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How can vestibular evoked myogenic potentials (VEMP) help in the diagnosis of canal dehiscence syndrome?

ANSWER

It’s a rare disorder that affects your balance and hearing. It happens when you have a hole or a very thin place in the bone in your ear that helps your body balance itself. A VEMP is a test that checks the reflex in a muscle in your neck that responds to sound.

An electrode is placed on the muscle. Then you'll hear low to mid-range tones in one ear while your doctor watches the results on a monitor.

SOURCES:

Adult and Pediatric Otology and Neurotology: "Superior semicircular canal dehiscence syndrome."

American Speech Language Hearing Association: "Superior Canal Dehiscence."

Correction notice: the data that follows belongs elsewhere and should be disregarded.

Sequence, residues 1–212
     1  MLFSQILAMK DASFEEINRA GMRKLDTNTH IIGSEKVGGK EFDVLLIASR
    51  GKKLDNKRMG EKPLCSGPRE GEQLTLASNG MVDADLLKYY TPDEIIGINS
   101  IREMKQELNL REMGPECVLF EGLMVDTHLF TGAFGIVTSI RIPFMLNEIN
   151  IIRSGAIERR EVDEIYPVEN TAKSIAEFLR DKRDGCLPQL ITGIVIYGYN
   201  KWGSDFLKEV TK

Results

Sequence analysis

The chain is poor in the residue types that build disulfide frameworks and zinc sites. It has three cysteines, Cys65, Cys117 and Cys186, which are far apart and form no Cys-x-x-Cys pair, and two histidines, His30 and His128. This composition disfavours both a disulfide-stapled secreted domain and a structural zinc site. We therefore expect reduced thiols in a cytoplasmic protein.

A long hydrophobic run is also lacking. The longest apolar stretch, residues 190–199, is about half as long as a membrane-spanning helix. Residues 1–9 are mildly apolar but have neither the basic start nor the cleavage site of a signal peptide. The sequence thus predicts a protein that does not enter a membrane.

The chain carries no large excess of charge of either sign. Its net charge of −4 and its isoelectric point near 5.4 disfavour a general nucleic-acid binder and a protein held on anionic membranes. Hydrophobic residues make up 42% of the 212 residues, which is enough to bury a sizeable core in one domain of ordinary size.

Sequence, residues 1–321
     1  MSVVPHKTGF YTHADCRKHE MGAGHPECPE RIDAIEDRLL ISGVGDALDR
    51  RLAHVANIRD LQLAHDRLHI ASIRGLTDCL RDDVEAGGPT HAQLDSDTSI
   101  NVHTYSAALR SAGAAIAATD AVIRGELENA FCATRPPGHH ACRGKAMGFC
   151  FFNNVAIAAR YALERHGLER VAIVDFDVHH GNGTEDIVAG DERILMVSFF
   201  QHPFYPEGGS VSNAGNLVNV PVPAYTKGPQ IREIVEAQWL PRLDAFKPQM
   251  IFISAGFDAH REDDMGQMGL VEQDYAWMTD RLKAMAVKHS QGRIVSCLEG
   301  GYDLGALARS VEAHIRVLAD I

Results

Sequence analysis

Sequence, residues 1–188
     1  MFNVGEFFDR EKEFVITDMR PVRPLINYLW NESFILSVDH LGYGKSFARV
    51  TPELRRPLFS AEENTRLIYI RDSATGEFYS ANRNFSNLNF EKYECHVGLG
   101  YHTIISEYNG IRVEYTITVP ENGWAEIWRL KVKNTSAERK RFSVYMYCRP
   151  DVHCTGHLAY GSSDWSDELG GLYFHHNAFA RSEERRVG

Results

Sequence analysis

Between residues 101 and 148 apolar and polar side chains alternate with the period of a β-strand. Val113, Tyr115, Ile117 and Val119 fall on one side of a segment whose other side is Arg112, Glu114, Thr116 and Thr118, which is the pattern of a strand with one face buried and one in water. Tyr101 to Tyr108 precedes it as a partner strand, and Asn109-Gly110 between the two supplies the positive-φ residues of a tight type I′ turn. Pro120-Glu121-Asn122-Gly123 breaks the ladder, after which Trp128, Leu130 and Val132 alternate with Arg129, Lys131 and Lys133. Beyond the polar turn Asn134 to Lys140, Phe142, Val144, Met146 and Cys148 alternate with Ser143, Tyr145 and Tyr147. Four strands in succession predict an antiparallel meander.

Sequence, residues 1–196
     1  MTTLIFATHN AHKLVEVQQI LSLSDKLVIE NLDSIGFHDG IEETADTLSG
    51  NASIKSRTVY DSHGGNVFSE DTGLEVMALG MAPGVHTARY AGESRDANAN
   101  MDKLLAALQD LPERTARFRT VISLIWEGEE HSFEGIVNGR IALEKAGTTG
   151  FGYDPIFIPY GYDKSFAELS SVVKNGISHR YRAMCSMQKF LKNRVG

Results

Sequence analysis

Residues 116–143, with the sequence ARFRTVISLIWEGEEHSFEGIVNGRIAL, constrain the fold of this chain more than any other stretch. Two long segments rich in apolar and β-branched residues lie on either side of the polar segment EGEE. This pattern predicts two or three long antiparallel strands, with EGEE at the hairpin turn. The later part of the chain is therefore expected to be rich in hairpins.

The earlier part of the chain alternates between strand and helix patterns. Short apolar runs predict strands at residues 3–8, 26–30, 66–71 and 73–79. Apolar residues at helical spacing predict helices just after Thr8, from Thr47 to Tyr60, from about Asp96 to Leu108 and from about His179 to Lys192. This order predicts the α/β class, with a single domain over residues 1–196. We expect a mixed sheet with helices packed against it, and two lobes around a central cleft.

Genetic and Rare Diseases Information Center: "Superior semicircular canal dehiscence syndrome."

Johns Hopkins Medicine: "Otolaryngology Head and Neck Surgery: Recent Findings."

Kids Health: "Your Ears."

Medscape: "Superior Canal Dehiscence."

Vestibular Disorders Association: "How Are Vestibular Disorders Diagnosed?" "Superior Semicircular Canal Dehiscence (SSCD)."

Reviewed by Shelley A. Borgia on August 17, 2018

SOURCES:

Adult and Pediatric Otology and Neurotology: "Superior semicircular canal dehiscence syndrome."

American Speech Language Hearing Association: "Superior Canal Dehiscence."

Genetic and Rare Diseases Information Center: "Superior semicircular canal dehiscence syndrome."

Johns Hopkins Medicine: "Otolaryngology Head and Neck Surgery: Recent Findings."

Kids Health: "Your Ears."

Medscape: "Superior Canal Dehiscence."

Vestibular Disorders Association: "How Are Vestibular Disorders Diagnosed?" "Superior Semicircular Canal Dehiscence (SSCD)."

Reviewed by Shelley A. Borgia on August 17, 2018

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What are treatments for canal dehiscence syndrome?

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